Despite its significant prevalence, ASCVD remains relatively unknown1. Although commonly assumed to be a new affliction, this silent killer has been lurking around for millennia…

Evidence that our ancient ancestors suffered from ASCVD was revealed in 2009, when a team of researchers performed CT scans on 52 ancient Egyptian mummies. Of the 44 mummies with identifiable cardiovascular tissue, 20 showed probable or definite atherosclerosis, suggesting ASCVD was a widespread affliction even back then2.

And it wasn’t just wealthy pharaohs. The study was expanded to represent a more diverse set of lifestyles, diets and geographies. Among a further 137 mummies scanned from across four continents – spanning a 3’800-year time horizon – around one third showed probable or definite atherosclerosis3. This corresponds to today’s percentage of the world’s population with high cholesterol level, a major risk factor of atherosclerosis4.

When Leonardo da Vinci (1452 – 1519) dissected a man’s heart in 1506, he observed that the arteries were “embedded in greasy material”5. Little did he know that this fatty build-up was atherosclerosis – the number one cause of death. Many of Leonardo’s conclusions from studying human anatomy, such as the description of how the arterial valves close and open – letting blood flow around the heart – hold true today5.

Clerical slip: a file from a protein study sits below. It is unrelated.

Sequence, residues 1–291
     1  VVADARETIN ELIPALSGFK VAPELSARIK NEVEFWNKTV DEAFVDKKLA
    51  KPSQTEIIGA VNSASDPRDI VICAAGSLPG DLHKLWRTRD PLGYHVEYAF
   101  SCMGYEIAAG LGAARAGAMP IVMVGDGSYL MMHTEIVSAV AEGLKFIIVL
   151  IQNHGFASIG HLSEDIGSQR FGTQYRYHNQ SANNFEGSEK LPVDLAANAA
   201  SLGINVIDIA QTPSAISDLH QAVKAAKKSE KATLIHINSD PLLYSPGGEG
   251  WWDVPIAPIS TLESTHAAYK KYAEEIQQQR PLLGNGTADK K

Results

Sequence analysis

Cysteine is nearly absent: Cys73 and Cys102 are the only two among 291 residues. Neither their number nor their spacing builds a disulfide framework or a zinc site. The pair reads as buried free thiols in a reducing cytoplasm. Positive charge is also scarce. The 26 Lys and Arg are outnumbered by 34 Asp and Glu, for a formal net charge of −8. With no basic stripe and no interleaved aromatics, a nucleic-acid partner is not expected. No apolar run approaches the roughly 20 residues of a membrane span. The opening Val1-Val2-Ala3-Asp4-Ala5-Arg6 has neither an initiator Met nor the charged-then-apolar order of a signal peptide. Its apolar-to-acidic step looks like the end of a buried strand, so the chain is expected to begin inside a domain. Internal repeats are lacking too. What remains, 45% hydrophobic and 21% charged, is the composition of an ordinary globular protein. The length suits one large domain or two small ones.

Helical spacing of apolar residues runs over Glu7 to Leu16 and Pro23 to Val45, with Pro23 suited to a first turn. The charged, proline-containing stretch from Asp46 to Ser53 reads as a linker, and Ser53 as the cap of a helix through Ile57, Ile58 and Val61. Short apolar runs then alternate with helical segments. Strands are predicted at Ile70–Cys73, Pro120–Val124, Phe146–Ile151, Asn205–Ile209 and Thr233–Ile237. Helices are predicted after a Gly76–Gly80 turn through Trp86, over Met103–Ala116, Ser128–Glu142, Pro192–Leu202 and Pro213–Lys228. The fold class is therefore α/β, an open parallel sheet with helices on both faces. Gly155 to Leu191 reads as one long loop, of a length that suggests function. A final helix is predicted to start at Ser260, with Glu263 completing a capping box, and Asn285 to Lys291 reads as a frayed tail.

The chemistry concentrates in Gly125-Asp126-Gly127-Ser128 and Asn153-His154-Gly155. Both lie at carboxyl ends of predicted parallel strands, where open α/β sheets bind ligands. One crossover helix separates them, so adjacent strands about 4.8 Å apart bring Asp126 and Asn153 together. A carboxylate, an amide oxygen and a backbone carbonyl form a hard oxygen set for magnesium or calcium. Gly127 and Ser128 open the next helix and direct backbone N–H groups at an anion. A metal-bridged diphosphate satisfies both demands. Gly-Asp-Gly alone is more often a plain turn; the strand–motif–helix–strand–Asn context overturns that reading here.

While ASCVD is often presumed to be a product of our modern diets and increasingly sedentary lifestyles, the presence of atherosclerosis in these disparate human populations raises the possibility of a more basic predisposition to the disease3.

To learn more about this invisible killer, download our infographic here.


  1. World Health Organization (WHO). Cardiovascular diseases – Data and statistics. [Last accessed May 2022].
  2. Allam AH, Thompson RC, Wann LS, et al. Atherosclerosis in ancient Egyptian mummies: the Horus study. JACC Cardiovasc Imaging. 2011;4(4):315-327. doi:10.1016/j.jcmg.2011.02.002
  3. Thompson RC, Allam AH, Lombardi GP, et al. Atherosclerosis across 4000 years of human history: the Horus study of four ancient populations. Lancet. 2013;381(9873):1211-1222. doi:10.1016/S0140-6736(13)60598-X
  4. World Health Organization (WHO). Global Atlas on cardiovascular disease prevention and control. 2011. Available at:
  5. Sliskovic, D.R. (2013). Cardiovascular Drugs. In Drug Discovery (eds J.J. Li and E.J. Corey).